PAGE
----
Biogen noted that the FDA’s approval of the intramuscular (IM) administration of Plegridy is based on data evaluating bioequivalence and adverse reactions associated with IM administration compared to subcutaneous (SC) administration in healthy volunteers. Bioequivalence between the two dosing regimens was confirmed, and data showed that participants receiving Plegridy through IM administration experienced fewer injection-site reactions than participants receiving SC administration (14.4% vs. 32.1%).
Assessing Ocrevus® in Older Adults with Progressive MS
The impact of disease-modifying therapies (DMTs) on MS often is easier to evaluate in younger adults than older people. This owes in part to the fact that younger people tend to have more inflammatory disease activity, providing a clearer baseline against which to measure the effect of a medication. Similarly, older people are less likely to have relapses, diminishing the utility of measuring changes in annual relapse rate as a marker of medication efficacy. Further, older people are likely to have more comorbid conditions – such as osteoarthritis or diabetes – making it difficult to determine whether impaired mobility, fatigue, or another symptom is due to MS or some other cause.
To better understand the impact of the DMT Ocrevus® (ocrelizumab) in older people with multiple sclerosis, researchers recently analyzed data on people with progressive forms of MS who were age 56 years and older.
Ocrevus is an anti-CD20 therapy, meaning that it exercises its effects on the CD20 molecule found on the surface of the immune system’s B cells. These cells are believed to play a role in the development of MS. Ocrevus is approved by the FDA to treat both relapsing and progressive forms of MS. Clinicians also sometimes use another anti-CD20 therapy, rituximab, to treat MS. However, rituximab is not approved for use in MS, although the FDA has approved its use for a number of other diseases.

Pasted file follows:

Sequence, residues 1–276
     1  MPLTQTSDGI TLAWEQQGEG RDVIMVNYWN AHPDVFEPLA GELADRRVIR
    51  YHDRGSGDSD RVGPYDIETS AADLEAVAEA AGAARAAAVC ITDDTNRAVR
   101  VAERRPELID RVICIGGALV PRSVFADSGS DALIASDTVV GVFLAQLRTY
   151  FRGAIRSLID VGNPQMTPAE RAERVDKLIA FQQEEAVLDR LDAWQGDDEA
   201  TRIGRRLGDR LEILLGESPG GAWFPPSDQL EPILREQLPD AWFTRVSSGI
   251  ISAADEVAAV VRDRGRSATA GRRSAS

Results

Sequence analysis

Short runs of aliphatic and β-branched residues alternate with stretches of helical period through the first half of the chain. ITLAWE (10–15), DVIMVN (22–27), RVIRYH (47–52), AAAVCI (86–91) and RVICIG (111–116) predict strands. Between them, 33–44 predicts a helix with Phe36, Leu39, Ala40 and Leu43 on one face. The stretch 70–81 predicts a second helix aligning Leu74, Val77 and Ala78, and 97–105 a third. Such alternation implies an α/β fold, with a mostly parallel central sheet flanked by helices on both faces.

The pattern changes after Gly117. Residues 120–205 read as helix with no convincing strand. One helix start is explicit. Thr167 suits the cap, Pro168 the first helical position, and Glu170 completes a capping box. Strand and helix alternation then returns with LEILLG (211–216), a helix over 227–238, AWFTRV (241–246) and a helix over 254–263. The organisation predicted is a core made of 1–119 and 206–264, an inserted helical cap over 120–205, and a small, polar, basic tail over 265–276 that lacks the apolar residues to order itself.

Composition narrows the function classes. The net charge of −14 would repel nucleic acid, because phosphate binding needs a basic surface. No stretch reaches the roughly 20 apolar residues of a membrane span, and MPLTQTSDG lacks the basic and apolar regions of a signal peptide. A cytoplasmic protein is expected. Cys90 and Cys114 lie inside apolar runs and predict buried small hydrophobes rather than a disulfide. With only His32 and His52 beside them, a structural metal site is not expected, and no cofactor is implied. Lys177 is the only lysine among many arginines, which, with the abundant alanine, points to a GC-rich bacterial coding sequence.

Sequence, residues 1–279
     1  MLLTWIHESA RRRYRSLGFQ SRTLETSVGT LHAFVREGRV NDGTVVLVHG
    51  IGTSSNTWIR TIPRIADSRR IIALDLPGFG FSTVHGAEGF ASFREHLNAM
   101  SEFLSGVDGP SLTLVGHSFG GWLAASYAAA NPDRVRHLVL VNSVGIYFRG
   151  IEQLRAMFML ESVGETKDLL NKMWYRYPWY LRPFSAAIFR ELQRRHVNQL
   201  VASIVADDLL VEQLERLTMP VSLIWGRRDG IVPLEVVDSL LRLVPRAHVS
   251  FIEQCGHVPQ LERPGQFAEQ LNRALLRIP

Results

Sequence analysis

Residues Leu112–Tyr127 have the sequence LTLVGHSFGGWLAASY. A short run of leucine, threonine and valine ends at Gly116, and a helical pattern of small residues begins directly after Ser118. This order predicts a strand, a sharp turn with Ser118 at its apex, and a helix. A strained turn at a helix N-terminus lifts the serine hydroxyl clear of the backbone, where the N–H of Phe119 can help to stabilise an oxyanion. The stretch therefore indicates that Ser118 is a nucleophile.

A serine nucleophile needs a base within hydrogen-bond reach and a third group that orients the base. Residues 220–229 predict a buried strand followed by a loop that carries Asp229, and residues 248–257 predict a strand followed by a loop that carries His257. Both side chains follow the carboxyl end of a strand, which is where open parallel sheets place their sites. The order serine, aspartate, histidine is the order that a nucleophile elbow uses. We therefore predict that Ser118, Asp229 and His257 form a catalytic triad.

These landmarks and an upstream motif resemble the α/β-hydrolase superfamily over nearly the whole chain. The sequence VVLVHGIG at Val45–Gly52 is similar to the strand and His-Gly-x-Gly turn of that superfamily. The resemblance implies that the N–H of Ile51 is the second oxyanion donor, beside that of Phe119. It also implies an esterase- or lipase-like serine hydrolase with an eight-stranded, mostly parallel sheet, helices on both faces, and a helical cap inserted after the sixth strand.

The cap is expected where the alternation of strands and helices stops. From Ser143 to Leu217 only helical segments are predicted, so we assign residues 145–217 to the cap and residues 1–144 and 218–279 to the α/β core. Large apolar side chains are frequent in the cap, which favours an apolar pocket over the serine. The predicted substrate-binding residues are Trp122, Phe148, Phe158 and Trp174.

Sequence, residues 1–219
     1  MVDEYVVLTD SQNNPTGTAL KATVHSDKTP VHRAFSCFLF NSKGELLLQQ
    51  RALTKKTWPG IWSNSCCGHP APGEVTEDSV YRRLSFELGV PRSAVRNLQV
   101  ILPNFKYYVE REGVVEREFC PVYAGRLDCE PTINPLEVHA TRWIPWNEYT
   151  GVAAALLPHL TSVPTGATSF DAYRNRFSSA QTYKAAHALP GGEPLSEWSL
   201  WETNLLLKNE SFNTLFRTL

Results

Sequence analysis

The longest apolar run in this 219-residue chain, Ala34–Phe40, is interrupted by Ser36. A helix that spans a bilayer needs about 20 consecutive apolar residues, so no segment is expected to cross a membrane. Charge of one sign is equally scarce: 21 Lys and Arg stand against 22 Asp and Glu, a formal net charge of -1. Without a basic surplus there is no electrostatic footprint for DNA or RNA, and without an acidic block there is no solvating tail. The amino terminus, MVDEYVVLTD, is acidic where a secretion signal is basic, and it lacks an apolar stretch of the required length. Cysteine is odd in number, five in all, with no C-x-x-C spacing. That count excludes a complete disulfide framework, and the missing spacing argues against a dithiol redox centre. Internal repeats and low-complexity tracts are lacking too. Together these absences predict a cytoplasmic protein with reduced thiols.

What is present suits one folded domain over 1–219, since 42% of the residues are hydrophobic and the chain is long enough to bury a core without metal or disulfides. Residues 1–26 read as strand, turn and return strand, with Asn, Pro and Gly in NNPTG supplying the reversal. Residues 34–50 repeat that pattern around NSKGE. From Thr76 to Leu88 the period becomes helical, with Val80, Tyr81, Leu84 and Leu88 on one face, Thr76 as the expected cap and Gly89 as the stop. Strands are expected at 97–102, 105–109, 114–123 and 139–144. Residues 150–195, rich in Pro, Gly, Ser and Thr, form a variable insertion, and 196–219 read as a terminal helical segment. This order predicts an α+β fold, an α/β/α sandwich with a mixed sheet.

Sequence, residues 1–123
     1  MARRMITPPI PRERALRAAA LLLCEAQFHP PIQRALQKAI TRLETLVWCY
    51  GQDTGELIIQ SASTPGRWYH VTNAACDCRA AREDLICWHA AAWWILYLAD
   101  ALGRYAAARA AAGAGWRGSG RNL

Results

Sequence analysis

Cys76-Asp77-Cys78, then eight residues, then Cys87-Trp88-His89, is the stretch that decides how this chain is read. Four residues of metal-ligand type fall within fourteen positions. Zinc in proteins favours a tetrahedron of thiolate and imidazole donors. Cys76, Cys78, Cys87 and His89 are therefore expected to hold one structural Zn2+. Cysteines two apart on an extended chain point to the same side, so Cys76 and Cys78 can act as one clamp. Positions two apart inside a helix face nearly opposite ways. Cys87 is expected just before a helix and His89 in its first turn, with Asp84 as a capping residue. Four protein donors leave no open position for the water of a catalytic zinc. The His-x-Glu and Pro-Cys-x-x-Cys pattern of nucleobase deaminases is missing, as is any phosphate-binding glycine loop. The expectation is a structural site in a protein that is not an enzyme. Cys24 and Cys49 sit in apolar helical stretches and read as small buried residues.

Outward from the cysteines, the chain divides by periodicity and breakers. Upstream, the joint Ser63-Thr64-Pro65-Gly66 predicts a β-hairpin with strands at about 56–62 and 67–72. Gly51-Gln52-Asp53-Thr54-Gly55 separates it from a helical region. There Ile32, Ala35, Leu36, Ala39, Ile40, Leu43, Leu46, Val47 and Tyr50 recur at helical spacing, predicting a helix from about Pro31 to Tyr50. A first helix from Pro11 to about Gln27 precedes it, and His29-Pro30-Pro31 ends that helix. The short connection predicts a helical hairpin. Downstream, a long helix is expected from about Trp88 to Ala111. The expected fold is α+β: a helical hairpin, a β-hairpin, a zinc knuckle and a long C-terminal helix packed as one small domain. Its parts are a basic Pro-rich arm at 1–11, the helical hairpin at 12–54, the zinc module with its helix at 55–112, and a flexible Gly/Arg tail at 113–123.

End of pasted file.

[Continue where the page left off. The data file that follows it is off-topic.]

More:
The researchers focused primarily on 24 patients for whom they had data for two years before those people began either Ocrevus or rituximab and for two years after they started taking Ocrevus. Seventy percent of those people had been on another type of DMT before beginning anti-CD20 therapy.
After analyzing their results, the investigators reported, “We found no difference in two-year clinical endpoints for patients while on ocrelizumab [Ocrevus] compared to prior to [starting] anti-CD20 therapy, though there was a trend toward decreased CDP [confirmed disability progression] on ocrelizumab that our study was not sufficiently powered to analyze.”
While the investigators noted that larger studies are needed to examine this issue, the fact that progressive MS patients’ clinical status did not worsen over roughly four years – including the last two on Ocrevus – is encouraging.
For More Information
For general information or to speak with a trained Client Services Specialist, please call MSAA’s Helpline at (800) 532-7667, extension 154. Helpline hours are Monday through Thursday, 8:30 AM to 8:00 PM, Eastern Time; and Friday 8:30 AM to 5:00 PM Eastern Time. Questions to MSAA’s Client Services department may also be emailed to MSquestions@mymsaa.org